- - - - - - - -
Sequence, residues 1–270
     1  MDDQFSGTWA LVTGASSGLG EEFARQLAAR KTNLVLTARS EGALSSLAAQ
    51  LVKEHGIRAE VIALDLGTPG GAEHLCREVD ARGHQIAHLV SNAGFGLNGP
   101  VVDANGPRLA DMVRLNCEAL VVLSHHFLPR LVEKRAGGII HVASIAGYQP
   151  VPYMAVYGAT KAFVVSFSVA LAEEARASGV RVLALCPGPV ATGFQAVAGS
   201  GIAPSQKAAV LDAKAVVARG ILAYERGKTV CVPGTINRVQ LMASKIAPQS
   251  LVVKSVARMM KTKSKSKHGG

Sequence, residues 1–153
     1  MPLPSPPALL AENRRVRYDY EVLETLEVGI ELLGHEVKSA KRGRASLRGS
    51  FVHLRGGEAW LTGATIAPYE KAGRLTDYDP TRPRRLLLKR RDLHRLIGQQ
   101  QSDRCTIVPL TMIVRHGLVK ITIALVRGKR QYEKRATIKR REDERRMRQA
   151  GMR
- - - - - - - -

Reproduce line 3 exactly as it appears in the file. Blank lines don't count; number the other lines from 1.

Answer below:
    51  LVKEHGIRAE VIALDLGTPG GAEHLCREVD ARGHQIAHLV SNAGFGLNGP